Breaking down Wall Street's rough week

George Schultze, founder of Schultze Asset Management, helps digest the market's wild gyrations.

Wall Street Sees Red in First Trading Week of 2016

By Markets FOXBusiness

Traders hoping to turn the page on 2015’s investment themes got a rude awakening on Monday when anxiety over China’s sputtering growth economy returned in full force.

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The pain didn’t stop there, though, as oil prices touched fresh 12-year lows, and investors headed for the exits.

Here’s a look at the week’s biggest market headlines.

China Still Matters

Worries about China’s growth slammed markets this week, pushing them off a cliff to start the new year. For the week, the broader U.S. averages ended down more than 5%, while the tech-heavy Nasdaq shed more than 6.5%.

The biggest cause of anxiety for global equities was renewed concerns about how much China’s growth will slow. Fresh data on both the manufacturing and services sectors of the nation’s economy didn’t give investors much hope to cling to at the start of the week, and forced investors to rush for the exit doors.

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All in all, China’s Shanghai Composite index wiped off 10% in market value over the last five days, and saw two sessions in which trading was halted for volatility after tripping newly installed circuit breakers, designed to prevent panic selling.

The problem: The circuit breakers were set to suspend activity when stocks dropped 7%. Compare that to a 20% threshold in the U.S., and investors quickly realized they didn’t have far to drop before they couldn’t execute orders. That only amplified the effect of worries over China’s currency devaluations, and the impact to emerging markets as a whole.

Oil Prices Nosedive

Oil prices, which have come under intense pressure for the last year-and-a-half thanks to a global glut of supply, continued to decline this week, at one point hitting a 12-year low.

The biggest worry: The growing oversupply won’t ease any time soon. Last year, the Organization for Petroleum Exporting Countries (OPEC) continued to bring its only supply onto the market at the same rate it had been in the year prior, opting not to cut production and hoping the excess supply would squeeze out competition from shale producers.

What also added to increased anxiety this week were mounting tensions between Saudi Arabia and Iran, weak oil-demand figures from China and developments out of North Korea. The nation, on Tuesday night, said it tested a hydrogen bomb.

George Schutlze, founder of Schultze Asset Management, said the pressure on oil and gas companies is changing the paradigm for the industry and expects to see a lot of consolidation on the road ahead.

“It just makes sense for companies struggling with this new market paradigm to try and save money somehow,” he said. “However, it’s not clear that’s going to work so well.”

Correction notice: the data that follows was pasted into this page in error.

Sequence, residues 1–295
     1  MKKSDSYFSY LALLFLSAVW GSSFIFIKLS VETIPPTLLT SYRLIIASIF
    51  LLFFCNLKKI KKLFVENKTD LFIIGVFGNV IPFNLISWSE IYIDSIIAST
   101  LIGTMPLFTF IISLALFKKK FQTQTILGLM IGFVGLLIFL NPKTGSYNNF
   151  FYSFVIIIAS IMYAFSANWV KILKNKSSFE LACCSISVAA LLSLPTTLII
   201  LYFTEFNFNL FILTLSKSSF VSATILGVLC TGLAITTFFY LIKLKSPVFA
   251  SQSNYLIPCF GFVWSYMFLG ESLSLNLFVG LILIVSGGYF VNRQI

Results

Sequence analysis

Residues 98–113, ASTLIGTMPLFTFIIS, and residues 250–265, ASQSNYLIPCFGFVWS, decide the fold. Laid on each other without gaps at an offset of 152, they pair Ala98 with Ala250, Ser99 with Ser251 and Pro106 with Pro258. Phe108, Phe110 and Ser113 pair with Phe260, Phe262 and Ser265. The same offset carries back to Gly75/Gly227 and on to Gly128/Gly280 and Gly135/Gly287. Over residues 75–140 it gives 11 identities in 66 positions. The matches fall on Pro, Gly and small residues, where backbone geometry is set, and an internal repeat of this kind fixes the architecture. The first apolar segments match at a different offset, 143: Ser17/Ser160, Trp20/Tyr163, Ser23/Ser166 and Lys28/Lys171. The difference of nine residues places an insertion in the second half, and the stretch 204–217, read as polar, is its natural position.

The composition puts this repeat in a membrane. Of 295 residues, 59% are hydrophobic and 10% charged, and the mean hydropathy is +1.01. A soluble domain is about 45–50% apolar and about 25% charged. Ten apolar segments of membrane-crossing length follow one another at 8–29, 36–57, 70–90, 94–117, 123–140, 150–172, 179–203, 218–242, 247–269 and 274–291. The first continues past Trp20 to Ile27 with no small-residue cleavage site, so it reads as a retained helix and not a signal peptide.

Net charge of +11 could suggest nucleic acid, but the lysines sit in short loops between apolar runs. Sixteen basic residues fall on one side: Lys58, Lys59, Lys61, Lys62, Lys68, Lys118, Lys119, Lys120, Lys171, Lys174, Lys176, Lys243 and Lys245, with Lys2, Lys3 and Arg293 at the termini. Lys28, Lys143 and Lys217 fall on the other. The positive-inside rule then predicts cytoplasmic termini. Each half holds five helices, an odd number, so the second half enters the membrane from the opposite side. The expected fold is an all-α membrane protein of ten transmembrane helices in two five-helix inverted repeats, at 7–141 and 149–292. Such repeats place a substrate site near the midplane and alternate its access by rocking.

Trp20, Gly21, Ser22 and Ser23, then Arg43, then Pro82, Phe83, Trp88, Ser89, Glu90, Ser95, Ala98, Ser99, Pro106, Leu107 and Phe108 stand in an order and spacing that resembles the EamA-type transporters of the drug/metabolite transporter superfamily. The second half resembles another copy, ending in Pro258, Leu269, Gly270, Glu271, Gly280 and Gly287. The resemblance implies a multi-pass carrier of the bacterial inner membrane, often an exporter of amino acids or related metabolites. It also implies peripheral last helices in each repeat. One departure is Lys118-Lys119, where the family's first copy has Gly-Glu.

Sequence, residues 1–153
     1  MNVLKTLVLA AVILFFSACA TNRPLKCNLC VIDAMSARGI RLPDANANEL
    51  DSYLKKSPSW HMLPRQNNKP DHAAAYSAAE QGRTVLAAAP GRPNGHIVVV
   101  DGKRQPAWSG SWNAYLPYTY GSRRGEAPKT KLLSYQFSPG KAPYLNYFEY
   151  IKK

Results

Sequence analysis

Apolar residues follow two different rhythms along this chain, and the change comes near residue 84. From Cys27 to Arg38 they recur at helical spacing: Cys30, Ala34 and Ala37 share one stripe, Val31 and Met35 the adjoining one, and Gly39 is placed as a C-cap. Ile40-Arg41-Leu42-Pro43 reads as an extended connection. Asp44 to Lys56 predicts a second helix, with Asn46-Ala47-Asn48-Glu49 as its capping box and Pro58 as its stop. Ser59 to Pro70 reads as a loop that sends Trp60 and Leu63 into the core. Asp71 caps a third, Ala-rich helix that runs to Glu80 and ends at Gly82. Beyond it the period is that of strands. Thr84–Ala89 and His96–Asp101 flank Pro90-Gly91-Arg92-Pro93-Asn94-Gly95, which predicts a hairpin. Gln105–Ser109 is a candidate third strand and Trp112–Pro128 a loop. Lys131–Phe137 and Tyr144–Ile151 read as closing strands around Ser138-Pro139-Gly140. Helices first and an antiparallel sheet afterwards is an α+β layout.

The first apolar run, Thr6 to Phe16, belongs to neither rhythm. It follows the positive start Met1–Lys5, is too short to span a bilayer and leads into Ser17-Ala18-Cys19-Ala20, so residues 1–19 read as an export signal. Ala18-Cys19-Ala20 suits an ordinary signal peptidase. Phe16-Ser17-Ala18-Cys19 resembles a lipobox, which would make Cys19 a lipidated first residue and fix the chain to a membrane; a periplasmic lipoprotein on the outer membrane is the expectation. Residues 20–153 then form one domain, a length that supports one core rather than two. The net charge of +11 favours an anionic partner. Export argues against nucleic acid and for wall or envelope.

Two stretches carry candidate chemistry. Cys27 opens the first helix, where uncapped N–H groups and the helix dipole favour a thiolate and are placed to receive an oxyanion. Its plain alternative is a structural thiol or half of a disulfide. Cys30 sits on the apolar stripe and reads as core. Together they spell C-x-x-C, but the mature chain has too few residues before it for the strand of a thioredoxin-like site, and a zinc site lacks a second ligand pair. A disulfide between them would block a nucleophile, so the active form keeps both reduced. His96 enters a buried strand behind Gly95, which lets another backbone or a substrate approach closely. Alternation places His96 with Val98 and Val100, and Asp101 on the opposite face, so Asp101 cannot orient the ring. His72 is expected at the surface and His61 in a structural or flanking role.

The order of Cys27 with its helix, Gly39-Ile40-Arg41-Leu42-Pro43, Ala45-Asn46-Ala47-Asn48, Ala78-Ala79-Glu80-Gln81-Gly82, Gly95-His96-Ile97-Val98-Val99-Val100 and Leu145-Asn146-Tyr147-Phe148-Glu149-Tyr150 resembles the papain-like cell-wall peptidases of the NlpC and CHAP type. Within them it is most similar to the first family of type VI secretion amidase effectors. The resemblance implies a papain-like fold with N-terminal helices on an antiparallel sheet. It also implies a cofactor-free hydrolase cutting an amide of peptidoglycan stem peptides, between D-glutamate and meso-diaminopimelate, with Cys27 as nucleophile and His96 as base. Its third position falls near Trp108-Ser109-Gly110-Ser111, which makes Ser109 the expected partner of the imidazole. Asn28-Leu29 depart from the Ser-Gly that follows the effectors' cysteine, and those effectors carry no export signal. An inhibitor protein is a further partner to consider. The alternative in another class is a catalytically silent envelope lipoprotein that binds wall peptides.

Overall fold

To that point, Saudi Arabia said it was considering taking Aramco, its state-owned oil and gas company, which produces 10% of the world’s global oil supply every day, public.

“Previously, that would be totally unheard of: For the kingdom to bring their entity public, but today’s market prices are really forcing those kinds of moves,” Schultze said.

He illustrated the point of the struggle for single-producers by saying if all U.S. producers combined into one, that one company still wouldn’t have pricing power to raise global prices.

“It’s not that unusual, when an industry becomes distressed, that many of the players either go bankrupt, or try to combine along the way. And I think we’re in the early stages of that in the U.S. E&P industry,” he said.

December to Remember

Call it a December to remember: Wall Street cheered a much better-than-expected jobs report, which showed the U.S. economy added 292,000 in the final month of 2015, compared to expectations for a gain of 200,000 jobs. The unemployment rate held steady at 5%, while the labor force participation rate ticked up to 62.6% from 62.5%.

Still, despite the blowout headline numbers, wage growth was stagnant for the month. Average hourly earnings for all private workers were unchanged during December.

Additionally, the economy saw an unexpected increase in factory jobs in the U.S.: an additional 8,000, compared to expectations for a loss of 1,000 jobs for the month. Those numbers come during a time when the U.S. manufacturing sector remains rooted in contraction territory.

While it’s just one data point, and not indicative of a trend, Schultze said it’s an interesting nuance.

“There’s been a big reduction in overall manufacturing jobs, tremendously, for the last couple of decades. So it’s not really that big of a movement, but there might also be some seasonality,” he said.

Excitement from the overall jobs report failed to keep Wall Street positive, though, after a more than 200-point rally on the Dow immediately following the data’s release. The markets capped the week solidly in negative territory.

What to Watch Next Week

Next week begins quietly with no significant pieces of data out until Thursday with the release of weekly jobless claims and import/export prices. Friday, however, brings a busy day of data with retail sales, consumer sentiment, producer prices, and Empire State manufacturing.

The Federal Reserve’s anecdotal Beige Book report, a culmination of economic conditions across the central bank’s 12 districts, is also set for release next week on Wednesday.

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